Japan Still Far From Done Cheapening Yen, Survey SuggestsMasahiro Hidaka and Toru Fujioka
Japan’s central bank is far from done driving down the yen if it wants to secure a 2 percent inflation target next year, a survey of economists by Bloomberg News shows.
The median estimate of 27 economists in a survey March 5-10 shows that the yen needs to fall to 140 per dollar, a level last seen in 1998, to help the Bank of Japan meet its goal. Even after a 23 percent decline since Governor Haruhiko Kuroda began record monetary stimulus, that means a further 13 percent drop from the current level.
Kuroda and his colleagues are projected to step up their stimulus later this year, once it becomes clear that it’s unlikely to achieve a 2 percent increase in consumer prices in or around the 12 months starting in April, a separate survey shows. What’s unclear is whether politicians, Japan’s trading partners and the small companies hurt by a weaker yen would tolerate actions that sent the yen down so much.
“The BOJ needs a much weaker yen to achieve the 2 percent target,” said Yasuhide Yajima, an economist at NLI Research Institute, who was one of three in the survey who said a rate of 150 was required for inflation to reach the BOJ’s goal. “I don’t think the yen will weaken that much, but if it does, that’s likely to spur discontent among households and small companies.”
The yen was trading at 121.20 against the dollar at 10:08 a.m. on Wednesday in Tokyo after dropping to its lowest level in more than seven years on Tuesday. The currency has lost 9.9 percent since the BOJ increased the pace of its asset purchases on Oct. 31.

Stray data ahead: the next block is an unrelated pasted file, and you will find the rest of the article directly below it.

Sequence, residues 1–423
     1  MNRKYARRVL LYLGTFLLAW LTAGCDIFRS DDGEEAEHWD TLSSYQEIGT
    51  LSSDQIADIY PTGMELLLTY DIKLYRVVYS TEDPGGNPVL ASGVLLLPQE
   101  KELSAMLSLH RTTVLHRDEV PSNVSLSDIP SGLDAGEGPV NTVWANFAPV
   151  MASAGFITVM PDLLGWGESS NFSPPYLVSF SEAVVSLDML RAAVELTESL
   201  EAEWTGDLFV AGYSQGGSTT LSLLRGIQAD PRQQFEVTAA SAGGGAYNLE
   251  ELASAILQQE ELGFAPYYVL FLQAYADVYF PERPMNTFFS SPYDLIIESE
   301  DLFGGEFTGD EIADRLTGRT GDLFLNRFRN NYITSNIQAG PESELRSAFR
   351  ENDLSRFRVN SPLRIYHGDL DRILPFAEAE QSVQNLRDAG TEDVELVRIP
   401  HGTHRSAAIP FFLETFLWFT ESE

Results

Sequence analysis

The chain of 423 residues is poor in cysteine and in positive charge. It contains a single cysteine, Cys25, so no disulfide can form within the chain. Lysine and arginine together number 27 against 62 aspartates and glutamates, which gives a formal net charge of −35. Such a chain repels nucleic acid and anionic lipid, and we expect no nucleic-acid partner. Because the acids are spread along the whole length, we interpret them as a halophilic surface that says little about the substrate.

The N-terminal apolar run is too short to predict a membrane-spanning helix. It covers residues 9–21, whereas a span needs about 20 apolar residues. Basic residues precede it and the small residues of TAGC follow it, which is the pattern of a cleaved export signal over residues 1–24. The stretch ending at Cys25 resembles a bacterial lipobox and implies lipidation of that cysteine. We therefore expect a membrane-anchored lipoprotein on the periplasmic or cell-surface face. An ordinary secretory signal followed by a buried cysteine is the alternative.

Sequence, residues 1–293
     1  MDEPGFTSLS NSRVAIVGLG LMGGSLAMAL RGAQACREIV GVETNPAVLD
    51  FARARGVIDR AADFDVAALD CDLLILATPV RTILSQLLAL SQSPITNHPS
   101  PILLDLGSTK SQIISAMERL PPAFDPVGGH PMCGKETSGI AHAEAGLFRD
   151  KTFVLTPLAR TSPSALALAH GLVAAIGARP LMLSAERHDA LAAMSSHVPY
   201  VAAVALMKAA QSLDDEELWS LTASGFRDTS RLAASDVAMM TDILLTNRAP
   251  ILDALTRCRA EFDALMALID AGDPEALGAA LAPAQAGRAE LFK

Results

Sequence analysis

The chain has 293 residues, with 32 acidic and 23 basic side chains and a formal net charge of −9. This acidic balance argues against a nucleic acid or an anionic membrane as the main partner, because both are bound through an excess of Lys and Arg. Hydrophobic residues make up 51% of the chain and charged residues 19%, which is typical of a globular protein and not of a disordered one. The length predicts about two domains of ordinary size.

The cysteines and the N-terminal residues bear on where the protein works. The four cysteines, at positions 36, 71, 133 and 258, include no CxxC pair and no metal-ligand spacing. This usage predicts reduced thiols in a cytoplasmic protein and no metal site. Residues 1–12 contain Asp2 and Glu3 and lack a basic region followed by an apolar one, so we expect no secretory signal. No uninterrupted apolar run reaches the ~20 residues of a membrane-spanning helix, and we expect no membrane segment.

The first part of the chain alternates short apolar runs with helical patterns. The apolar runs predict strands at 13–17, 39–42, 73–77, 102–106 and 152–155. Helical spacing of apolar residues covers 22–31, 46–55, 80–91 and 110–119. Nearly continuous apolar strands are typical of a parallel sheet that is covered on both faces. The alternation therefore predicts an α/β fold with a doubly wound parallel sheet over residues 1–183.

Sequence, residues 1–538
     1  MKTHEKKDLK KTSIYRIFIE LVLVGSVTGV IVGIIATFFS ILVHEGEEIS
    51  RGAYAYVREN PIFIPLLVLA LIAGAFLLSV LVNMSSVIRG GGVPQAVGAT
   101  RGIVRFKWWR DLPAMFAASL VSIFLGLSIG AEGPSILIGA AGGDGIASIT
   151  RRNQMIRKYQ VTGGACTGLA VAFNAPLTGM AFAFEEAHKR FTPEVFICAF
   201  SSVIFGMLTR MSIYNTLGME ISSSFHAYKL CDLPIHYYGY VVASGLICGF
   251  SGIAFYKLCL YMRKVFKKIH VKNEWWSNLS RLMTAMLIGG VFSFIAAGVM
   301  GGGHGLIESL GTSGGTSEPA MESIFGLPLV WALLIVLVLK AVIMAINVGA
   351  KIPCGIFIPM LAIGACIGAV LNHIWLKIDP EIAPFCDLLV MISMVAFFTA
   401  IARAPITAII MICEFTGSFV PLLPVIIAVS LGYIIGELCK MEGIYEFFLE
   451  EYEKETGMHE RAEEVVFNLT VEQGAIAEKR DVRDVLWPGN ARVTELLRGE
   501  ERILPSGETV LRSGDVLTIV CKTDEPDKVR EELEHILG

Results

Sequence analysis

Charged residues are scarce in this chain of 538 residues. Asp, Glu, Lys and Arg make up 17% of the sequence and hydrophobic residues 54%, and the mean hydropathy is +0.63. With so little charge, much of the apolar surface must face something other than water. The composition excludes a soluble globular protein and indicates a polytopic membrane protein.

Kuroda said last month it’s desirable for exchange rates to reflect fundamentals and be stable. The BOJ will watch risks to achieving its inflation target and adjust policy as needed, he said last week, predicting the goal would be reached in or around the year starting in April.
Japan’s more competitive exchange rate and stronger demand in the U.S. have helped drive a pick up in exports that aided the economy’s emergence from recession last quarter. The boost to import costs from the lower yen also led early progress in stoking inflation.
At the same time, the surge in prices of imported energy, commodities and parts manufactured overseas that feed Japan’s production chain is inflicting pain on importers and smaller companies.
“The more the yen weakens, the more profits exporters will get,” said Yuichi Kodama, an economist at Meiji Yasuda Life Insurance Co. “But the situation will be severe for importers, especially the domestic-demand oriented businesses and smaller companies in the regional areas.”
BOJ policy makers view further easing to shore up inflation as a counterproductive step for now, amid concern it could trigger declines in the yen that damage confidence, people familiar with the talks said last month.
Toyota Motor Corp. has forecast a bigger annual profit than all other Japanese automakers combined. There were 282 company failures in 2014 in which the weak yen as cited as a contributor, more than double the 139 cases in 2013, even as overall bankruptcies declined.
Foreign exchange market participants see the yen extending its slide. The Japanese currency will fall to 125 per dollar by the fourth quarter of 2015 and 127 in the following three-month period, according to a separate survey by Bloomberg News.
The yen has weakened to a “comfortable” level and the BOJ can hold off expanding stimulus for now, given prospects for a recovery in the economy, said Etsuro Honda, when the currency was trading around 119 per dollar.
Honda, an adviser to Prime Minister Shinzo Abe, said 117 to 120 against the U.S. currency “is a comfortable level for Japan’s economy.”
An exchange rate of 105 to 120 per dollar would have the biggest net positive effect on the Japanese economy, according to the majority of economists in the Bloomberg News survey March 5-10.
Japanese companies see the yen at 119.5 per dollar in January 2016, according to a Cabinet Office survey of 982 companies across all industries released on March 3.
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